To be a college graduate in 2019 meant that you were better off than any other class since the 2008 recession. The economy was strong and unemployment numbers were at an all-time low. Being a female college graduate — 54 percent of students — seemed hopeful, too. In just the previous four years, they had seen the Women’s March, the #MeToo movement; Congress had just sworn in a record number of women, its most diverse class in history.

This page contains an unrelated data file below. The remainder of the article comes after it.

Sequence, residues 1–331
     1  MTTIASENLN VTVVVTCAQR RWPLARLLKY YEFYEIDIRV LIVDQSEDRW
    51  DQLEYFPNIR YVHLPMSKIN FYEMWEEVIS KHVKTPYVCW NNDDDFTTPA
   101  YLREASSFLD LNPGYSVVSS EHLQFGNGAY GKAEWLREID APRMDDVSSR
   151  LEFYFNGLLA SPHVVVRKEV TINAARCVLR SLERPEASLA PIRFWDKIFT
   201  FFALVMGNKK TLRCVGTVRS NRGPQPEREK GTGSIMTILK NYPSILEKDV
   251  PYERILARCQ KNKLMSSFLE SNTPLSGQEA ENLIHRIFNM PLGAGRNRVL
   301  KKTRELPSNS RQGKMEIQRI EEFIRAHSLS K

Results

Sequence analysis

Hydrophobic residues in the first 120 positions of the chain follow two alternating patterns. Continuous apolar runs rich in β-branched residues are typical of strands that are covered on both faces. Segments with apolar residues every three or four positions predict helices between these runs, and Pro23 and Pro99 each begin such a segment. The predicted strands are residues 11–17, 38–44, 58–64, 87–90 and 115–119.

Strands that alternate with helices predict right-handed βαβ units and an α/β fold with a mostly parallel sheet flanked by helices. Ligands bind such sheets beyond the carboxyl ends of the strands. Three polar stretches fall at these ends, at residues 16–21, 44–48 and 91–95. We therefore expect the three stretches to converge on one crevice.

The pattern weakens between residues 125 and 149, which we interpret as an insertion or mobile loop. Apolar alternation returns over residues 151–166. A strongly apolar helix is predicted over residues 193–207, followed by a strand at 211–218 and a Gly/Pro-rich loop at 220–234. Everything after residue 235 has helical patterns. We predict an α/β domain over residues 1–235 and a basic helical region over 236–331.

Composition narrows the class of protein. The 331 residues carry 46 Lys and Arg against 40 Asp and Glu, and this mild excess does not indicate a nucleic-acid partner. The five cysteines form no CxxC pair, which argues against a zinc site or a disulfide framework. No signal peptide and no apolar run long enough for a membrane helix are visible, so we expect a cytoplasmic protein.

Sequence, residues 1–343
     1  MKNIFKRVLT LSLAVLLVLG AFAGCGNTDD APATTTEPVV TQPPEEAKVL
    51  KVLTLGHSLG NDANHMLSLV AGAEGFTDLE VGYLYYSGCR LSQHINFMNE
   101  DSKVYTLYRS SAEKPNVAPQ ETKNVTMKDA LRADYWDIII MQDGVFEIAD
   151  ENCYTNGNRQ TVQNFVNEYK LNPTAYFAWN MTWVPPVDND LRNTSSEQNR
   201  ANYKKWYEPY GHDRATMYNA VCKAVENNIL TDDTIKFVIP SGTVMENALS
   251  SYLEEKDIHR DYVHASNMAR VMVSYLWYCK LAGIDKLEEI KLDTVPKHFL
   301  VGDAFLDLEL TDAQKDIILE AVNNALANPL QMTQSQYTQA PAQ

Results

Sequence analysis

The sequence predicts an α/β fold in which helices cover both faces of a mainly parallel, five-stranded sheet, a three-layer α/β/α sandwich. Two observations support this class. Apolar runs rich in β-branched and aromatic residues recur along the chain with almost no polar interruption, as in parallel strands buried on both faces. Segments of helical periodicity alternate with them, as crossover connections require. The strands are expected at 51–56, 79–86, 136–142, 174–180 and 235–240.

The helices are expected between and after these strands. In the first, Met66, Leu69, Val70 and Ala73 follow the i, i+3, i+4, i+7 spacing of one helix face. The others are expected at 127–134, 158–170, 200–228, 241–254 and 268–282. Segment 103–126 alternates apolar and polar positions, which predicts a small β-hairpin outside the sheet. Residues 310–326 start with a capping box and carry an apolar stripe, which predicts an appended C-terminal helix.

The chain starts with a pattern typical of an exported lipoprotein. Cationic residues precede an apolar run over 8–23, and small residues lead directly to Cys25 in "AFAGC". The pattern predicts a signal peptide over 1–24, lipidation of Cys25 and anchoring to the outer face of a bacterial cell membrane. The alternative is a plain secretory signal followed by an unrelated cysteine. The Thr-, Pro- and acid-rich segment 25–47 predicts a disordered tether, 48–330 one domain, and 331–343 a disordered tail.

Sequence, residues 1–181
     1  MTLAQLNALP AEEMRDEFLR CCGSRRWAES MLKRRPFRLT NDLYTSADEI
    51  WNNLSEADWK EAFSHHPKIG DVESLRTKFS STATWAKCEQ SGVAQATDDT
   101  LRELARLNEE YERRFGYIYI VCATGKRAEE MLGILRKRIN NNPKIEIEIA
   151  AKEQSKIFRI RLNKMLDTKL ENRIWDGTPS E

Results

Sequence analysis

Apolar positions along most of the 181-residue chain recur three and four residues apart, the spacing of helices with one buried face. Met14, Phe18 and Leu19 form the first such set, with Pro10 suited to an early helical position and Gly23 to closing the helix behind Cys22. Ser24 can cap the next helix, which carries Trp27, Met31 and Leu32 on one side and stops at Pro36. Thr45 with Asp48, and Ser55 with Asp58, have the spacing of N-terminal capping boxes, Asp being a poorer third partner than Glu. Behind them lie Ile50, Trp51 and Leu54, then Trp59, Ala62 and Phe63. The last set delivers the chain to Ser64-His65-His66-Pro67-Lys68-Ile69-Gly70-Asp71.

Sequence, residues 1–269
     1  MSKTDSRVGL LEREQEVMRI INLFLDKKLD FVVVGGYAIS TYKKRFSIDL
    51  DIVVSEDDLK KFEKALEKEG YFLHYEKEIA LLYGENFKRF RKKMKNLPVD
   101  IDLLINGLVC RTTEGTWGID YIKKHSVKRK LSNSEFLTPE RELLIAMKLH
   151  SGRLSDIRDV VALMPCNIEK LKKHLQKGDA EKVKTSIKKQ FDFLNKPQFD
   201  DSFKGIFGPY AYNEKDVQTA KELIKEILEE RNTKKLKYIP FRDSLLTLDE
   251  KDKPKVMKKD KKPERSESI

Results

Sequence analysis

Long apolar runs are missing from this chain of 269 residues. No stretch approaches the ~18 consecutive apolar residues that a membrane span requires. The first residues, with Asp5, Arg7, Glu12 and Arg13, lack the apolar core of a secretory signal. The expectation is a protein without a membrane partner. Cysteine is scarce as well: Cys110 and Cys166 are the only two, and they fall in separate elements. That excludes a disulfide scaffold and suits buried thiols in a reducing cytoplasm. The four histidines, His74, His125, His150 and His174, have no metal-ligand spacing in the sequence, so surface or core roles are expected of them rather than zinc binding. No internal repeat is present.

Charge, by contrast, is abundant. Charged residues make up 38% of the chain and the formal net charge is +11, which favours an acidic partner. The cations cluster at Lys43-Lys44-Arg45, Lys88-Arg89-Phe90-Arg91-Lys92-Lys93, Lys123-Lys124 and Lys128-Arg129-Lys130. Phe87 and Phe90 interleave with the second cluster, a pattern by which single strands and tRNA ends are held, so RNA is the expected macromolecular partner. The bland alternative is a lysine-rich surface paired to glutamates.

To be a college graduate in 2020 means that you are inextricably linked to the biggest pandemic in a century. It means a looming recession and all-time high unemployment rates. It means watching as systemic inequalities, including racism and sexism, are laid bare.
The data already show that recent college graduates are struggling. According to a Pew Research Center survey conducted in March, half of the oldest Gen Zers (ages 18 to